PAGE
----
The Art of Tasting Wine at a Restaurant

So you’re on a big date. Or an important meeting. Or out with some good friends. You’re at a nice restaurant. The kind of restaurant that irons the table cloths before each service. Maybe there’s a star or two involved. You’ve read the menu, shared your choices with your fellow diner(s) and even progressed past the often heated “red or white” debate.

This is arguably the most mysterious, unknown and contested point during a fine dining experience

As a result of being an avid reader of Aspiring Snob, you’ve also taken it upon yourself, or been assigned, to decide on the wine to accompany your fine meal. You’ve browsed through and weighed up the merits of New World versus Old World, the type of grape, perhaps the year and – cutting right to the chase – the price. Finally you settle on what you believe will be an impressive accompaniment to your meal and will increase your standing by pairing perfectly.

At this point you’ve done well, but what comes next is an often mysterious and unexplained phenomenon that when diners are honest, usually have no idea what it’s really about – tasting the wine. This is arguably the most mysterious, unknown and contested point during a fine dining experience. Why are you doing this? What are you expected to do (or not do)? What happens if you make a mistake? Let us then help guide you through this process and to know what is and is not expected of you.

First off, there is no “standard” way of doing this. There is no clear definition of right and wrong in this process. All there is is a way to get through it unscathed, without annoying anyone, and with the wine you ordered.  Let’s go through this step by step.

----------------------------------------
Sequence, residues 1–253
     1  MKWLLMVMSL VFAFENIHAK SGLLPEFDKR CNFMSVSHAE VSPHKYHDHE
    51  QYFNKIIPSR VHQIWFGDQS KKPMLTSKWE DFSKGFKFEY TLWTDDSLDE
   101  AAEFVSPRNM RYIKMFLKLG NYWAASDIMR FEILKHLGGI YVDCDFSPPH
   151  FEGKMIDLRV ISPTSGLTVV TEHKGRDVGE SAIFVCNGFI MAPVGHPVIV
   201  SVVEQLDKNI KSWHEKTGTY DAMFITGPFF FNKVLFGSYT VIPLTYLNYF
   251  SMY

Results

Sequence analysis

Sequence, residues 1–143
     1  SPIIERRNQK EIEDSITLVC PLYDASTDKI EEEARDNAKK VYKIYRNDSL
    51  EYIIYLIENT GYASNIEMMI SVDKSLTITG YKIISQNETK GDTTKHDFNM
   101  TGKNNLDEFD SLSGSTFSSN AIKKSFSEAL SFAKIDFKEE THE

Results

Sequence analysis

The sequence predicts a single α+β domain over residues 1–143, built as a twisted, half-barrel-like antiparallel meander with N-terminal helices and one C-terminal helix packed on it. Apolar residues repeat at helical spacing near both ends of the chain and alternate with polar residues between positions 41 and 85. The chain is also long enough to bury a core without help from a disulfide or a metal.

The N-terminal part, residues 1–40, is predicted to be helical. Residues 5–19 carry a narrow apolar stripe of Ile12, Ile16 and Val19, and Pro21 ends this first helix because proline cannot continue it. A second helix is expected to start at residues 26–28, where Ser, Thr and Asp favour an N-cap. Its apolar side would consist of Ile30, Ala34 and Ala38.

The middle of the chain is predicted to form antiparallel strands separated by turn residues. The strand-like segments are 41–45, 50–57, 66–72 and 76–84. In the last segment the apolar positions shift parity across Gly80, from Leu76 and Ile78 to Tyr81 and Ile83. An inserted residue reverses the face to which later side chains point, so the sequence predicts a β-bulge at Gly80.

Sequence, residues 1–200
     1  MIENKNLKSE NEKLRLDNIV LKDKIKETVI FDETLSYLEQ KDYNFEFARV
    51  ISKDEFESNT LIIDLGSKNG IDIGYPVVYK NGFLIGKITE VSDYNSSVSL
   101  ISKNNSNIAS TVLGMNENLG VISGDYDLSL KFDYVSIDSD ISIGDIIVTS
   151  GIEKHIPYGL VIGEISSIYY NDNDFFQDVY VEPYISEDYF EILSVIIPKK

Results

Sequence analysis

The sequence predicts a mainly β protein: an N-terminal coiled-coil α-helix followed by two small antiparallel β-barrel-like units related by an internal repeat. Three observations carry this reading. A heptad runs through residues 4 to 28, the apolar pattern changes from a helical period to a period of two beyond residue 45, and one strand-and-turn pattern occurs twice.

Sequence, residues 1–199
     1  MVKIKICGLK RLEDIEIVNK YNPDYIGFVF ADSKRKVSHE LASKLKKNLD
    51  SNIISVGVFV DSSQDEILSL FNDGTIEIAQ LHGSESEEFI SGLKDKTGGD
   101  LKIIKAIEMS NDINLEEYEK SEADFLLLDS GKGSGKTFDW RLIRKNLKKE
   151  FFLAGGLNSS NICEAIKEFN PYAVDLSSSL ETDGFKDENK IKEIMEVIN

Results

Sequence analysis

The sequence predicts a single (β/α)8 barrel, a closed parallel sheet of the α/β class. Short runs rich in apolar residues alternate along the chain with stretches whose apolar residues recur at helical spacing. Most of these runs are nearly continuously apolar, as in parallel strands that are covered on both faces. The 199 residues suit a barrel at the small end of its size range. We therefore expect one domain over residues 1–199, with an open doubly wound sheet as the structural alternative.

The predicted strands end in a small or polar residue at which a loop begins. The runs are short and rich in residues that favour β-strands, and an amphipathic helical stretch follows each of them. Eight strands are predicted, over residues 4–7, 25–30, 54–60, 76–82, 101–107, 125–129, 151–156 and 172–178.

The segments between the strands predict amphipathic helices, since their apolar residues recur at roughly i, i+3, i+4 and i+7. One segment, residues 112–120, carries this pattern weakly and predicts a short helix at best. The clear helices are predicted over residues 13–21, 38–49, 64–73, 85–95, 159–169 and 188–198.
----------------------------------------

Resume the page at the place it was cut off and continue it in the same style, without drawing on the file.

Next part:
The Order

When the waiter or waitress (or sommelier) asks you about the wine, you have every right to ask them questions. Will it go with your meal choice? Is there a better option? You are not expected to be the wine expert here – they are. If you are familiar with your preferences, but are not sure between two bottles, say so. A good sommelier might let you try both to determine, or at least describe them well enough that you can make a decision.

Otherwise order with confidence but take note of these three things:

  1. The vineyard (the one who made the wine)
  2. The grape (things like pinot noir, riesling, cabernet sauvignon)
  3. The vintage (the year the grapes were harvested)

We’ll get to why in the next section.

The Presentation

At this point, the waiter/waitress/sommelier will come back with the bottle and present it to you. Now it’s on you to verify that they have the correct one. Verify the vineyard, the grape and the vintage. If you spot something different, now is your time to say so, not half-way through the bottle.

It is entirely possible that the wrong wine has been fetched – Merlot and Malbec labels can look awfully similar and mistakes happen. It’s also possible the restaurant has run out of a particular vintage and is trying to palm off a cheaper one. For example a bottle of 2015 Clos des Lambrays Grand Cru Pinot Noir can go for around $400. Whereas the 2013 vintage is around $160. Easy to miss if you’re not looking out for it. 

The Pour

Assuming the ordered bottle has indeed made it to your table, as the person who ordered the wine, it’s now your job to taste it. This is first done by the server pouring a small portion into your glass fresh from the bottle. This is all you have to taste with.